This reminds me of the horse-shit economic analysis which gave us the Fisher Curve. Fisher used a very limited set of data and came up with the observation that in some places in some times economic growth has been associated with a rise in prices. Then the dickwads running the Fed then came up with the assbackwards conclusion that if we create inflation then we could encourage growth. Of course, this was just plain wrong. If one looked at all places and all times in fact inflation often accompanies no growth and stable prices can be present during strong economic growth. It took 30 years to figure out Fisher was wrong and the Fed was wrong. So these associative analyses in economics are sketchy at best. Having said that, it is indisputable that too much debt can kill a country. So the question remains is, what is too much debt? I don’t really want to find out, but places like Greece, Argentina, Poland and Russia did find out.

  13. #28 by cav on April 18, 2013 - 1:41 pm

    But when the monitary ‘debt’ is owed to ourselves, the only thing we really have to answer to is the environment.

    Here, we’re talking REAL debt.

    And, we’re finding out – but with denial, exceptionalism, and basically having our collective head jammed up senatorial asses, it may take a while for the reality to crack.

  14. #29 by Shane Smith on April 19, 2013 - 8:17 am

    That we are concerned with imaginary money while creating real debt in available resources all the while mostly ignoring the one truly renewable power source is pretty amazing.

  15. #31 by Shane on April 19, 2013 - 10:44 am

    Paul, whom we can ignore, because an anonymous Internet coward is way smarter than he is, explains the issue rather well. http://www.nytimes.com/2013/04/19/opinion/krugman-the-excel-depression.html?_r=0

  16. #32 by Richard Warnick on April 19, 2013 - 2:37 pm

    What the Reinhart-Rogoff affair shows is the extent to which austerity has been sold on false pretenses. For three years, the turn to austerity has been presented not as a choice but as a necessity. Economic research, austerity advocates insisted, showed that terrible things happen once debt exceeds 90 percent of G.D.P. But “economic research” showed no such thing; a couple of economists made that assertion, while many others disagreed. Policy makers abandoned the unemployed and turned to austerity because they wanted to, not because they had to.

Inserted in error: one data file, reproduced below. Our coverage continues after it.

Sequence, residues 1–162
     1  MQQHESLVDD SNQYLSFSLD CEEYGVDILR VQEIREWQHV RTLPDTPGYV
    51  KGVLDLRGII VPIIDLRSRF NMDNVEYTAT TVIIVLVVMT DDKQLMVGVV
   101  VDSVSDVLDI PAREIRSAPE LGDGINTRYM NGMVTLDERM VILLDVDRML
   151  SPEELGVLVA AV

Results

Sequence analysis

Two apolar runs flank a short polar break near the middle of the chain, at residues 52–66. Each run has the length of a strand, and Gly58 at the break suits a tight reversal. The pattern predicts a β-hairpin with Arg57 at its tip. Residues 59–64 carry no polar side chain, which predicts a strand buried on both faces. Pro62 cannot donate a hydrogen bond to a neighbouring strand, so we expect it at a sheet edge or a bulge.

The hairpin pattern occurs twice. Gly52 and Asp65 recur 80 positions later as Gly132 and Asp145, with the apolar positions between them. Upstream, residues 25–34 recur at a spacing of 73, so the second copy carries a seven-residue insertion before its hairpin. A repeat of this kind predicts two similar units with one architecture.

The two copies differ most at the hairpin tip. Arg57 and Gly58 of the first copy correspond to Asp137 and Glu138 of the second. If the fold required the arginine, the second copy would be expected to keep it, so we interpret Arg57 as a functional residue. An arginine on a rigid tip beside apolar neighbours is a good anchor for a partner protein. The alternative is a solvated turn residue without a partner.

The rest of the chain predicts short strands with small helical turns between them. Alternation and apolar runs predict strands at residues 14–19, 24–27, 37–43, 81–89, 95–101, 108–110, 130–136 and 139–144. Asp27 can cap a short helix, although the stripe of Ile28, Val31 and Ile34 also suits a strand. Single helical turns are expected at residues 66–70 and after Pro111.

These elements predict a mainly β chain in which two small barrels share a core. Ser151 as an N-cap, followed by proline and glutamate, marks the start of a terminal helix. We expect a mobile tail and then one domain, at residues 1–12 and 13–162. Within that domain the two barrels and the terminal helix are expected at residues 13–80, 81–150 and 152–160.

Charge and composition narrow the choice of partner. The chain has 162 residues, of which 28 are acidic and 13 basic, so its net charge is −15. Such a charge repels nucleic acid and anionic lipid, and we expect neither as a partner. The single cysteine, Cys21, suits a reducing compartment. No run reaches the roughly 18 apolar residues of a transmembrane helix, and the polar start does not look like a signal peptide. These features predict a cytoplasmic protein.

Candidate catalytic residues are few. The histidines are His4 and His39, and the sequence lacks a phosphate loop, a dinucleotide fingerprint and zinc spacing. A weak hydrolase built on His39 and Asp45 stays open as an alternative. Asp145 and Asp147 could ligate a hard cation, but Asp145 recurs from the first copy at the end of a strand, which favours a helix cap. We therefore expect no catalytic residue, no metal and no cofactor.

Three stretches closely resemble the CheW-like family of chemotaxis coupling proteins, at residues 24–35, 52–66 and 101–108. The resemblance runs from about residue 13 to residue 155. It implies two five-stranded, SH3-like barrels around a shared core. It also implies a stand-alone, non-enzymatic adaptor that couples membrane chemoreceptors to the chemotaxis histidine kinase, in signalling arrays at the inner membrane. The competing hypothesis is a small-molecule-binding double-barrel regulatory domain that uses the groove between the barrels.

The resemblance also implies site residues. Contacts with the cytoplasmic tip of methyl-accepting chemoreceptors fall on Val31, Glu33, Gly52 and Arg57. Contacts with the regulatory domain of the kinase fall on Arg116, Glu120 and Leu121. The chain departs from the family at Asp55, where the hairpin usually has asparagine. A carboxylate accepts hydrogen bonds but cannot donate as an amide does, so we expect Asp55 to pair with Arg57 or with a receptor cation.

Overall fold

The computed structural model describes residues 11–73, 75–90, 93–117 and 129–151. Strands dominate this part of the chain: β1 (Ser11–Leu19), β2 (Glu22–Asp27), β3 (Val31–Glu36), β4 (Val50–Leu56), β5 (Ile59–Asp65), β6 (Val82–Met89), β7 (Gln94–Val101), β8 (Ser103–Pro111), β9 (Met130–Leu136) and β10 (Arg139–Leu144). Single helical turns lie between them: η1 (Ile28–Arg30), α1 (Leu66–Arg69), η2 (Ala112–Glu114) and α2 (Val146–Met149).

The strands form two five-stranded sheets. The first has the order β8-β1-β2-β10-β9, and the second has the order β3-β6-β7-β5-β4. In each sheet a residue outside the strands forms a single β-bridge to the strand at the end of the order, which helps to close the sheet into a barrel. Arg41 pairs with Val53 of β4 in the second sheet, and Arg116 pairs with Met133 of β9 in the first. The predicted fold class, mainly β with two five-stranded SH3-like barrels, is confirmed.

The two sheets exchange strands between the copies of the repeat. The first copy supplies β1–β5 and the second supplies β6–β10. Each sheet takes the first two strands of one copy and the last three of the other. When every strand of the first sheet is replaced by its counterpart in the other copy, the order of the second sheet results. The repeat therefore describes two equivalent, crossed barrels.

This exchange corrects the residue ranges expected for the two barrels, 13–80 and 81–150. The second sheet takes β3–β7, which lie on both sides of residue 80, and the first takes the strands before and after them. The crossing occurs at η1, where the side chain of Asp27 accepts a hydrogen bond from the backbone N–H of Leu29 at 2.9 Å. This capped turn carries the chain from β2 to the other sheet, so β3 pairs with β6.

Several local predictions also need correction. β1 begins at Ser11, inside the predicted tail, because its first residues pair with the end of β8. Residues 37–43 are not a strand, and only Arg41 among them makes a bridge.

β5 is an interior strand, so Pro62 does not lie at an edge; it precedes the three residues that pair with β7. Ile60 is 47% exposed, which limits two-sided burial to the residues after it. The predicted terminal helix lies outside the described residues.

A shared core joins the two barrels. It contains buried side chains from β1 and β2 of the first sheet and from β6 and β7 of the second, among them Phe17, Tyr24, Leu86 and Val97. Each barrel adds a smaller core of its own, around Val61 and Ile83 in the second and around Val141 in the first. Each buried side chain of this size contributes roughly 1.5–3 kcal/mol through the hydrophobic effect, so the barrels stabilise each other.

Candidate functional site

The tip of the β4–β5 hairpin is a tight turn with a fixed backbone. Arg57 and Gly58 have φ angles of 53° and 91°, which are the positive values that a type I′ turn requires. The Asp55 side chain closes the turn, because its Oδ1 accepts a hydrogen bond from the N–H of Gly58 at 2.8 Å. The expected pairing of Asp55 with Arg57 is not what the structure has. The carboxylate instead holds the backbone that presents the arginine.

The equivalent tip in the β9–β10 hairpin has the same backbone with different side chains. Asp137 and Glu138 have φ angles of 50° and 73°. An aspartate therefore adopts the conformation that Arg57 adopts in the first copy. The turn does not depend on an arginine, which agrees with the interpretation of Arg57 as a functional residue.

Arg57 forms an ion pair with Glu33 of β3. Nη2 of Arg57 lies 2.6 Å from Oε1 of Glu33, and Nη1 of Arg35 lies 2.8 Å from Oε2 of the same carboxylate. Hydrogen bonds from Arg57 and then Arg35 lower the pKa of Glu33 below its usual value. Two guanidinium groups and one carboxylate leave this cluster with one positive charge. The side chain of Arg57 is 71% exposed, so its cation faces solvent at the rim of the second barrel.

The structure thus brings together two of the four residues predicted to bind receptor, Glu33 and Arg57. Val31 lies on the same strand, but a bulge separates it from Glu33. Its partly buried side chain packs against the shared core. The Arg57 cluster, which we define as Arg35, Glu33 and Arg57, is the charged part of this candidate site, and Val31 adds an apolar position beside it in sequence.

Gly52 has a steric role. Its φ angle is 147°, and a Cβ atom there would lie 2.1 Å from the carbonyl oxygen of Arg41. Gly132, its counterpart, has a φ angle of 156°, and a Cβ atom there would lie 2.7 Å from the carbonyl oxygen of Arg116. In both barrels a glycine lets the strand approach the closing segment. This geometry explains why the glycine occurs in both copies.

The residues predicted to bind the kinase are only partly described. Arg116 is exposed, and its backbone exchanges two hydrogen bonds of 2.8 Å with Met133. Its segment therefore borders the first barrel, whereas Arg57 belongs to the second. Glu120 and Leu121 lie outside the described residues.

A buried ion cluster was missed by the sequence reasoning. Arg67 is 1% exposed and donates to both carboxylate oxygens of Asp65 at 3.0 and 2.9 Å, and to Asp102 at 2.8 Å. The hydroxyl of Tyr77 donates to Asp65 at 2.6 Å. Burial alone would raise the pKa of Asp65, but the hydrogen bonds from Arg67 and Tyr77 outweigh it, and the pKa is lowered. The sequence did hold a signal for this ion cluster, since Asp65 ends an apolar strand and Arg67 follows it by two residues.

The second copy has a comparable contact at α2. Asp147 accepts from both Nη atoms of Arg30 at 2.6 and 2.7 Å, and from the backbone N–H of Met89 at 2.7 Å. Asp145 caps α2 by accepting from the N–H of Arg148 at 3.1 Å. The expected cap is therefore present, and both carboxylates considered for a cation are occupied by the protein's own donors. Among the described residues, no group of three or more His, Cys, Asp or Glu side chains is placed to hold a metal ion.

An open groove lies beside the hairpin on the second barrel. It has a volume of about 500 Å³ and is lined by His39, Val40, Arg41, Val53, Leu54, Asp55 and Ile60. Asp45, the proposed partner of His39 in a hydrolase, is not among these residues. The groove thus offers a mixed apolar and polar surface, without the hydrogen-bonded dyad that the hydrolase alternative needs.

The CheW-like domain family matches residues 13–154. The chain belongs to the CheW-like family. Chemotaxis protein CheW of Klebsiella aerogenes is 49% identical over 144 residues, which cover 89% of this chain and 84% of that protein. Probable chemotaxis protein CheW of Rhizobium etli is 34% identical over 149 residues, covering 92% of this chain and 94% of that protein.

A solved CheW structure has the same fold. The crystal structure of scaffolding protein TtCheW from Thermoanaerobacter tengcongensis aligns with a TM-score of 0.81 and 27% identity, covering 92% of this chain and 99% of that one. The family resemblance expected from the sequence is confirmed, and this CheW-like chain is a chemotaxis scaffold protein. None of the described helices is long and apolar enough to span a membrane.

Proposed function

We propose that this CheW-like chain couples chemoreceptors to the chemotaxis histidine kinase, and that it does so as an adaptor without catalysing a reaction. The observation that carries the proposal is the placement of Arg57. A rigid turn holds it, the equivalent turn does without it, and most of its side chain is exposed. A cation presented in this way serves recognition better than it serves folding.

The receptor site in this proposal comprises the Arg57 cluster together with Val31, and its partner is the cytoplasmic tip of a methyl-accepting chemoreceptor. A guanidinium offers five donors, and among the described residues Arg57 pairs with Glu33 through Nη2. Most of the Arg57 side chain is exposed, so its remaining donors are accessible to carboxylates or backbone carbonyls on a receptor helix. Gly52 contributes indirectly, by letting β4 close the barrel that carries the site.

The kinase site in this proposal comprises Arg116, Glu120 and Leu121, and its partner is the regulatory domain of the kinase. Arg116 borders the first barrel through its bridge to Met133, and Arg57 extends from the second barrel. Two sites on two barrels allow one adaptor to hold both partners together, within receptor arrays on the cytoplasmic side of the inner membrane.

Oh well, Reinhart and Rogoff could always publish their future research in the Journal of Irreproducible Results.

  17. #33 by brewski on April 19, 2013 - 3:28 pm

    What austerity? I don’t see any austerity.

  18. #34 by cav on April 19, 2013 - 5:01 pm

    Your furlough will begin in 5…4…3…

    • #35 by brewski on April 20, 2013 - 2:15 pm

      Each year the budget goes up. Fake furloughs and other PR gimmicks does not austerity make. The budget still goes up.

      • #36 by cav on April 20, 2013 - 3:15 pm

        Is it going up, but just not as much as they had earlier budgeted for – and therefore still fitting nicely under the guise of cutting budgets?

        And how can all of these agreed upon cuts have anything but contractionary effects? It may not have been a fiscal cliff, but in fact furloughs and such are occurring (unfortunately not where they are needed most – like in the pay packages of the house and senate members).